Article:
Producing technological equipments (at large scale) that make our daily lives easier or traveling long distances in a short time were made possible due to the use of petroleum derivates. Together they represent 55% of the world’s energy consumption.
Unfortunately, the availability of these materials will be shorter in the next decades and their extraction, more complex. In addition to these problems, there are the greenhouse gas emissions (GEE) to the atmosphere, produced by the burning of these fossil fuels.
These facts raise the following question: what source of renewable energy holds energetic efficiency similar to petroleum but does not have its deficiencies? This can be a complex issue for some countries. For Brazil, the answer is easy as we have sugarcane bioethanol.
Ethanol is an oxygenated organic compound with chemical formula C2H5OH. It is used in our country as an automobile fuel in two versions: hydrous alcohol (in alcohol powered cars or flex fuel) and anhydrous alcohol (added to gasoline at a proportion of 25%). The first type has up to 7% of water in the mixture, whilst the second has a maximum of 0.7%.
In Brazil, we produce ethanol through sugarcane juice fermentation, via the action of yeast of the Saccharomyces cerevisiae species. Corn (USA and China), sugar beet (European Union), cassava, and wheat are used as raw material in other countries.
The majority of these plants, however, have a disadvantage when compared to sugarcane. To produce ethanol from them, it is first necessary to transform the starch into sugar and then ferment it into ethanol. This additional stage reduces the yield of the process and increases production costs. For example, whilst USA spends 1 unit of equivalent fossil fuel energy to generate 1.3 ethanol units, in Brazil, the same unit produces between 8 and 9 sugarcane ethanol units.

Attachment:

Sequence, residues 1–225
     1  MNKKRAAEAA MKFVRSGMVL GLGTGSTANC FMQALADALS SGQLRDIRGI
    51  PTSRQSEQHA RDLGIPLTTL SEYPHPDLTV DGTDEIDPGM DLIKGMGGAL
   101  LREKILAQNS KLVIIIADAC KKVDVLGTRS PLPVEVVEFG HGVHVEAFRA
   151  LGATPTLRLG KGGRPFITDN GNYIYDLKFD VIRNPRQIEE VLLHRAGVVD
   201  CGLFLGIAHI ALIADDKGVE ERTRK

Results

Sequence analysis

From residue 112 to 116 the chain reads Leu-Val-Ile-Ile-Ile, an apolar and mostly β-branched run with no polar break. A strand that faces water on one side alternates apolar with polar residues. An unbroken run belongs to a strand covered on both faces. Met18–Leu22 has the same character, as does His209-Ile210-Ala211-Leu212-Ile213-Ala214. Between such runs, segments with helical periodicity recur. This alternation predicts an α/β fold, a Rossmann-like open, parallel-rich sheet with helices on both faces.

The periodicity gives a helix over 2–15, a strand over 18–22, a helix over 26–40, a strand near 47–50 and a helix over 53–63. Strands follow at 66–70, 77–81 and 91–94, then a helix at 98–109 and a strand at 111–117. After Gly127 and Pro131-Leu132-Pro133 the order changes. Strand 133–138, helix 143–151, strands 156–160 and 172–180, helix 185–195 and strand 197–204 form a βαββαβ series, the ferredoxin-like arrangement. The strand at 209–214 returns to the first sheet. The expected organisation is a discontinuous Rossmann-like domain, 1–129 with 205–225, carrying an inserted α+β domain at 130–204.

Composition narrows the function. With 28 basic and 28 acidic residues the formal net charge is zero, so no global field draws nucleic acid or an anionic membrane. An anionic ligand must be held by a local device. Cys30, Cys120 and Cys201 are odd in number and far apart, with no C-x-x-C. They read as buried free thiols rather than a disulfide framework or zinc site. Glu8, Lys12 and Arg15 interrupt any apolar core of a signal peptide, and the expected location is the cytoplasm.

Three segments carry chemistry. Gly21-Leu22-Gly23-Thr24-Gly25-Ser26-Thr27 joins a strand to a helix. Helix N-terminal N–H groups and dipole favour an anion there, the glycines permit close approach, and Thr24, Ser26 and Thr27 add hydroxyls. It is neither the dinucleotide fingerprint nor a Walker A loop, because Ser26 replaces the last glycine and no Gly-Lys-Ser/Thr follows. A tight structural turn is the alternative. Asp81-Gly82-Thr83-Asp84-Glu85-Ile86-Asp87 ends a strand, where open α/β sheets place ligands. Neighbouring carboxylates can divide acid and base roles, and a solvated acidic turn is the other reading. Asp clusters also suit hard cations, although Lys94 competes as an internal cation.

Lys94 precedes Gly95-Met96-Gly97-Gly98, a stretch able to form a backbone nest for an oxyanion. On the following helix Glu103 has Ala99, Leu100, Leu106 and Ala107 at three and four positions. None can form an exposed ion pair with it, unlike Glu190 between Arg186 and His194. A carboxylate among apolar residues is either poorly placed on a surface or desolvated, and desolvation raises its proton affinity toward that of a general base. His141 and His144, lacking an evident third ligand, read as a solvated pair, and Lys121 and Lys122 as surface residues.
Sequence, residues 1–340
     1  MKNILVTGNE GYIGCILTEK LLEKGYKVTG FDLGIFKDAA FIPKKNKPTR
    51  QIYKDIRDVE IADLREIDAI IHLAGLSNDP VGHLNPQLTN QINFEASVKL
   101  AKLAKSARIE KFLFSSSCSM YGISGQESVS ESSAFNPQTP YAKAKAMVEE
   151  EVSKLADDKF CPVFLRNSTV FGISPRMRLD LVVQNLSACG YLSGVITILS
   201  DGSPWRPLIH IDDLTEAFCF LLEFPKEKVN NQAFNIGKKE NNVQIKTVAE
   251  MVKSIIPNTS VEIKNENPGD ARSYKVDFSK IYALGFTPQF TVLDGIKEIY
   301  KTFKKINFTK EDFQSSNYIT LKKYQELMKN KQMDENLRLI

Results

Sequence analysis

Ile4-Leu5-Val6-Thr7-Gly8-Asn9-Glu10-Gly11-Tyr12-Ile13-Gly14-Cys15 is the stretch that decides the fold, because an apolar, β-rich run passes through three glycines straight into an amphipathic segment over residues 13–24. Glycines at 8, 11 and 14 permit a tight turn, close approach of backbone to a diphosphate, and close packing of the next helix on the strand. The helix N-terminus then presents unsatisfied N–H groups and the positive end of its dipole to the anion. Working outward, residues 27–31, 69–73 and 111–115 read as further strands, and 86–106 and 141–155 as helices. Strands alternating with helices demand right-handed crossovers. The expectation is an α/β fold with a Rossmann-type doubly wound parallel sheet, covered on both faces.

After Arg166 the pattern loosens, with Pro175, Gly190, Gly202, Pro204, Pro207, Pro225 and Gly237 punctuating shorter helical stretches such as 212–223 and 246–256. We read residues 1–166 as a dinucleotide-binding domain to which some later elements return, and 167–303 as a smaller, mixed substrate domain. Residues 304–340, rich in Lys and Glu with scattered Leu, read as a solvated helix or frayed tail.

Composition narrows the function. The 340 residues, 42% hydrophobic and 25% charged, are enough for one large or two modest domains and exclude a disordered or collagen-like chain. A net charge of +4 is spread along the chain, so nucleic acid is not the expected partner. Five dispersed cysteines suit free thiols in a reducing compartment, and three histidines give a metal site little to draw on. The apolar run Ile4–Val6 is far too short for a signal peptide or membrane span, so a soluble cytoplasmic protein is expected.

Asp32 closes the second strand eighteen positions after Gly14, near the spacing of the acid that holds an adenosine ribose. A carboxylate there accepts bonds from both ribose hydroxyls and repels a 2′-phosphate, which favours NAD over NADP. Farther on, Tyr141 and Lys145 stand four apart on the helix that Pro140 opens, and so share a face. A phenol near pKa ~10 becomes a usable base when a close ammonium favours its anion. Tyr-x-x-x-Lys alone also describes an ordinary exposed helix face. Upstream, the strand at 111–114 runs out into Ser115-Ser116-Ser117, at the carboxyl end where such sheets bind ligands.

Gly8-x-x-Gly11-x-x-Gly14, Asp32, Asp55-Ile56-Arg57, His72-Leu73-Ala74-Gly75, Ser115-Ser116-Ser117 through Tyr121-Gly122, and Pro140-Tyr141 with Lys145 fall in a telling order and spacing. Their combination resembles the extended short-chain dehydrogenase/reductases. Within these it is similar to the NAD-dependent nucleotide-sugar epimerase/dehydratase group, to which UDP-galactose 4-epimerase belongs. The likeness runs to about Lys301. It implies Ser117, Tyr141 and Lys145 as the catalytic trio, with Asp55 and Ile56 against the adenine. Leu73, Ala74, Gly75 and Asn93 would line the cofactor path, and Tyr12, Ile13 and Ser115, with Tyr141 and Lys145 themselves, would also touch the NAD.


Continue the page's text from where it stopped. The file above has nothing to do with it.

Allied to energy efficiency there are environmental aspects. Analyses made by Isaías Macedo, a mechanical engineer from Unicamp, show that the substitution of gasoline by ethanol would lead to a reduction in the total GEE emissions of about 2,6t CO2eq./m3 (anhydrous ethanol) and 1,7t CO2eq./m3 (hydrous ethanol). This indicates the superiority of sugarcane ethanol compared to other technologies that produce the biofuel, regarding the relationship of obtained renewable energy / fossil energy used.
To the arguments presented in favor of Brazilian ethanol, we can add the increase in the world’s demand for energy in the last decades. This encouraged industrialized and emerging countries to begin a series of research activities on new energy sources, especially renewable ones. Sugarcane bioethanol again comes out ahead, as it is produced from a low cost raw material and uses a well-known and established state-of-the-art technology. Ways to industrially utilize the integral sugarcane biomass (and not only the juice) need to be studied now.
However, a series of obstacles have to be overcome in this process. These challenges are the main focuses of CTBE’s research.